It seems Eduard has raised the bar with their new bronze undercarriage for their excellent MIG-21 kit in 48th scale. Big things are said about this set, so we thought it best that our man Gary (who is making their bunny fighter MIG-21 as we speak) investigates them to see if they are as good as we want them to be….
Eduard BRASSIN MiG-21 Undercarriage Legs BRONZE 1/48
(Part # 648-080)
Kit contains: 3 brass parts & 10 resin parts
Available from: Eduard directly and your local hobby shop.
Eduard continues to extend the Brassin accessory series at a healthy pace and the subject of this review is one of their newest offerings for their own MiG-21 family. Designed for the Eduard MiG-21 third generation family (MF, SMT, BIS) kits, this set is noteworthy in that it is Eduard’s first foray into the use of metal parts. Eduard has chosen to use bronze as the material for the main and nose undercarriage legs. They are not the first company to use this material for model undercarriage parts, but when I first heard about this set I expected it to be something special, given Eduard's well known eye for detail. I was not disappointed.
Bronze is an alloy consisting primarily of copper, usually with tin as the main additive and it has been used thru the ages to manufacturer items that incorporate intricate detail and require strength. Bronze is traditionally cast using a "lost wax method" but I am not sure how modern manufacturers like Eduard create these mass produced items.
As best said by Eduard themselves "The surface quality, as well as the stoutness, surpasses solutions made from other material, including white metal."
The set is designed to be a direct replacement for the kit plastic parts and provides the following items:
Main Undercarriage Legs (Bronze).
Nose Wheel Leg (Bronze)
Main Gear Doors, top and bottom (Resin)
Main Gear Oleo Scissors (Resin)
Main Gear Retraction Struts (Resin)
Linkage Mechanisms (Photo Etch)
Because the set is designed to be a direct replacement for the plastic parts provided in the kit, I thought the most obvious way to review it was a side by side comparison of the two. The MiG-21 in 1/48 is not a large model and therefore does not really warrant the use of metal for strength, so when we consider purchasing this set for our kit, the main draw-card will be the extra detail it offers over the kit parts.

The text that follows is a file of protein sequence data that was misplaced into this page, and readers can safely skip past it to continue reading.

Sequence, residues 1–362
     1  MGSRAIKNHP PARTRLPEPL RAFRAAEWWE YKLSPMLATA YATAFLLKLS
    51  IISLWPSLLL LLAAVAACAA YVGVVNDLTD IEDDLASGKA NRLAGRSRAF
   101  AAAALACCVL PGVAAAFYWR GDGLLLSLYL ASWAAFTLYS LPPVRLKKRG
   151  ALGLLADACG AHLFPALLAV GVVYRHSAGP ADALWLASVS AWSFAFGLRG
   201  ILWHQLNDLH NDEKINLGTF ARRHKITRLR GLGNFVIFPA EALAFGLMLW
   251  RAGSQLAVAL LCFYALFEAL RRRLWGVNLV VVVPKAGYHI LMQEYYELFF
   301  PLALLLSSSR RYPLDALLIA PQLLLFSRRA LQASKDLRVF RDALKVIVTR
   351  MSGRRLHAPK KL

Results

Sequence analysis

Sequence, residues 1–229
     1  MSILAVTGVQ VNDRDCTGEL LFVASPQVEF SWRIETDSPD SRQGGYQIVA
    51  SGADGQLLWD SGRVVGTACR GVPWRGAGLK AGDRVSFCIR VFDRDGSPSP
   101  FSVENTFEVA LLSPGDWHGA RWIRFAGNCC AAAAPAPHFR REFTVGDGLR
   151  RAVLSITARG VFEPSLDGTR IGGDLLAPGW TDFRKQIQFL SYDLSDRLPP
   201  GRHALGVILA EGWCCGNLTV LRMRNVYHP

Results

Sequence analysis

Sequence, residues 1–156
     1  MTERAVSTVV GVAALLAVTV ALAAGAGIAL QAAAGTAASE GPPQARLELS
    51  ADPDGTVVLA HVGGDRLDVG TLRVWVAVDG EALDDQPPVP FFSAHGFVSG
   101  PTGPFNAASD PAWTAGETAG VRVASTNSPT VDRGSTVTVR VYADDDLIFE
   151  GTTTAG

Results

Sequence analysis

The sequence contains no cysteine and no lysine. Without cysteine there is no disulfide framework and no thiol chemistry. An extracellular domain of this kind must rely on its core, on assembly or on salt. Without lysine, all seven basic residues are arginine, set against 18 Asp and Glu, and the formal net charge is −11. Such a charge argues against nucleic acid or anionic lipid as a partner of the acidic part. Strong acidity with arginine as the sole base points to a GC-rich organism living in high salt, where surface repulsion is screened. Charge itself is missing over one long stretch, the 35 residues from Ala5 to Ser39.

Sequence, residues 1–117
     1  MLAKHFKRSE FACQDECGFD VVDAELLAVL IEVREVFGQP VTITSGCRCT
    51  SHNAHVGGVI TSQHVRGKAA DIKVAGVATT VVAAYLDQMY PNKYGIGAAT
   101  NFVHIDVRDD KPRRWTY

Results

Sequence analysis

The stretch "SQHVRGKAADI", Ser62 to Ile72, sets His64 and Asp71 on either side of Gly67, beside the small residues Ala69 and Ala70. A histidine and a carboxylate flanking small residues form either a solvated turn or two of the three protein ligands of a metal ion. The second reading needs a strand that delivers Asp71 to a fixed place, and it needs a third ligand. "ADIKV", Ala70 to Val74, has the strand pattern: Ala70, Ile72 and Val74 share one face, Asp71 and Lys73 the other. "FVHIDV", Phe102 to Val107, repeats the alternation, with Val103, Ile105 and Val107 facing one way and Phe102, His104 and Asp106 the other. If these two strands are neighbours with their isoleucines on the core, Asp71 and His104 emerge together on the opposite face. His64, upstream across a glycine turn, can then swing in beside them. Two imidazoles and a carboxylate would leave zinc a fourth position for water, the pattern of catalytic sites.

Eduard have created a beautifully detailed master for the main legs and cast that in bronze. As you can see from the comparison below, the Brassin parts contain a noticeable amount of detail compared the simplified plastic parts. The limitations of injection moulding technology become apparent here.
There is a very fine seam that runs along the edge bronze parts. As the metal is quite hard this may take some effort to remove, but as I said it is very minimal and you may even choose to leave it alone.
So how do these new parts compare to the real thing ?
The Brassin parts do have the additional linkage rod visible on the forward edge of the leg, but they do not have any of the hydraulic lines or couplers seen from the rear view. These would still need to be added by copper or lead wire for that perfect replica.
The nose undercarriage leg is not only more detailed than the plastic part it replaces (with added cabling and piping), it is cast as a single unit, making it a simpler option to assemble and install than the plastic parts.